Vietnamese factory worker short-changed $16,000 over four years

2 July 2015 

A migrant factory worker in Melbourne was underpaid almost $16,000 over four years, a Fair Work Ombudsman investigation has found.

The Vietnamese woman, in her 40s, spoke limited English and sought assistance from the Fair Work Ombudsman through an interpreter.

She worked for Dandenong-based car components manufacturer Katjen Enterprise Pty Ltd between January, 2010 and May last year.

Her duties included sewing and gluing vinyl fabrics used in the interior trim of new cars.

Fair Work Ombudsman Natalie James says the woman was paid a flat hourly rate of $13 for weekend, overtime and public holiday work.

“However, under the Vehicle Manufacturing, Repair, Services and Retail Award 2010, she should have received up to $46.09 an hour,” she said.

“The minimum hourly rates for ordinary working hours and annual leave entitlements were also underpaid.”

Ms James says Katjen’s director Ly Khuong Chau, told Fair Work inspectors the employee had agreed to be paid $13 an hour.

“However, employers are not able to enter into agreements that undercut employees’ minimum lawful entitlements,” she said.

Katjen and Mr Chau have reimbursed the former employee all her outstanding entitlements and signed an Enforceable Undertaking (EU) with the Fair Work Ombudsman.

As part of the EU, Katjen will implement a workplace relations training program for managers and commission external professional audits of its pay practices every six months for the next 18 months.

Katjen and Mr Chau have also agreed to use the Fair Work Ombudsman’s Online tool My Account and develop systems for ensuring ongoing compliance with workplace laws.

Further, the company will display a workplace notice at its factory detailing its breaches and resolve all future workplace disputes promptly and report details to the Fair Work Ombudsman.

The Fair Work Ombudsman received two other underpayment-related requests for assistance from Katjen employees in 2013. These were voluntarily rectified by the company without the need for further action.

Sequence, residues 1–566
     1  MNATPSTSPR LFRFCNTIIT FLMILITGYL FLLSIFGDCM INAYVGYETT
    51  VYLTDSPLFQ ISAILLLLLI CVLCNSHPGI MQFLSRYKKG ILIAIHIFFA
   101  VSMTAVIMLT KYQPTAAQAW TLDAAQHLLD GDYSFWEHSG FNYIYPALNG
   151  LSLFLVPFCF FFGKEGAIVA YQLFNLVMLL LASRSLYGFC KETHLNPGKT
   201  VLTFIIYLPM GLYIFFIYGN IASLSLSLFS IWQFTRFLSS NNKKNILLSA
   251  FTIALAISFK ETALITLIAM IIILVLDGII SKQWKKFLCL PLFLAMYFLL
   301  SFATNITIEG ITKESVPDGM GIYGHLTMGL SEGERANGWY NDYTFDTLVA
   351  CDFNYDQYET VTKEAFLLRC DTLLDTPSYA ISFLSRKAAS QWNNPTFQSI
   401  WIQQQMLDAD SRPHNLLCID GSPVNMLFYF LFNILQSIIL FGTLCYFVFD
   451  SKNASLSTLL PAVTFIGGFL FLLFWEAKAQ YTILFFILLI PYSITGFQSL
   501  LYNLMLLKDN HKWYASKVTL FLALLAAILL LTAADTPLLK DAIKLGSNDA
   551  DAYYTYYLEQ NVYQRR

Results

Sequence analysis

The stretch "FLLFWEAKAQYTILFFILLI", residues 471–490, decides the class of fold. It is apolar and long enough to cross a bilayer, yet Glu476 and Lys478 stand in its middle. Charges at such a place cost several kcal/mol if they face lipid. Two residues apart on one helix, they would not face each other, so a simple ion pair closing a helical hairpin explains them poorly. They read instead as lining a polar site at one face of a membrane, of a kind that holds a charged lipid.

Ms James says the case is a timely reminder to small business operators of the importance of ensuring they take the time to understand the workplace laws applicable to their business.

“Underpayments of hourly rates can result in significant underpayments if they’re left unchecked for an extended period of time,” she said.

“It’s important that employers who are unsure about their obligations contact the Fair Work Ombudsman, or check with their industry association.

“We know workplace laws can seem complicated for the uninitiated, but we ask small business to use the tools and resources that we provide for them and inform themselves.”

Employers and employees seeking assistance can visit or contact the Fair Work Infoline on 13 13 94.

Small business employers calling the Fair Work Infoline can also opt to receive priority service via the Small Business Helpline.

An interpreter service is available on 13 14 50.

Information on the website has been translated into 27 languages, including Vietnamese, to assist people from culturally and linguistically diverse backgrounds.

The Fair Work Ombudsman has also produced videos in 14 different languages and posted them on YouTube to assist people from non-English speaking backgrounds to understand Australia’s workplace relations laws.

The Fair Work Ombudsman uses Enforceable Undertakings where it has formed a view that a breach of the law has occurred, but where the employer has acknowledged this and accepted responsibility and agreed to co-operate and fix the problem.

“Many of the initiatives included in EUs help to build a greater understanding of workplace responsibilities, motivate the company to do the right thing and help them avoid the same mistakes again,” Ms James said.

“Equipping people with the information they need encourages and empowers employees and employers to resolve issues in their workplace and build a culture of compliance, ensuring a level playing field for all.”

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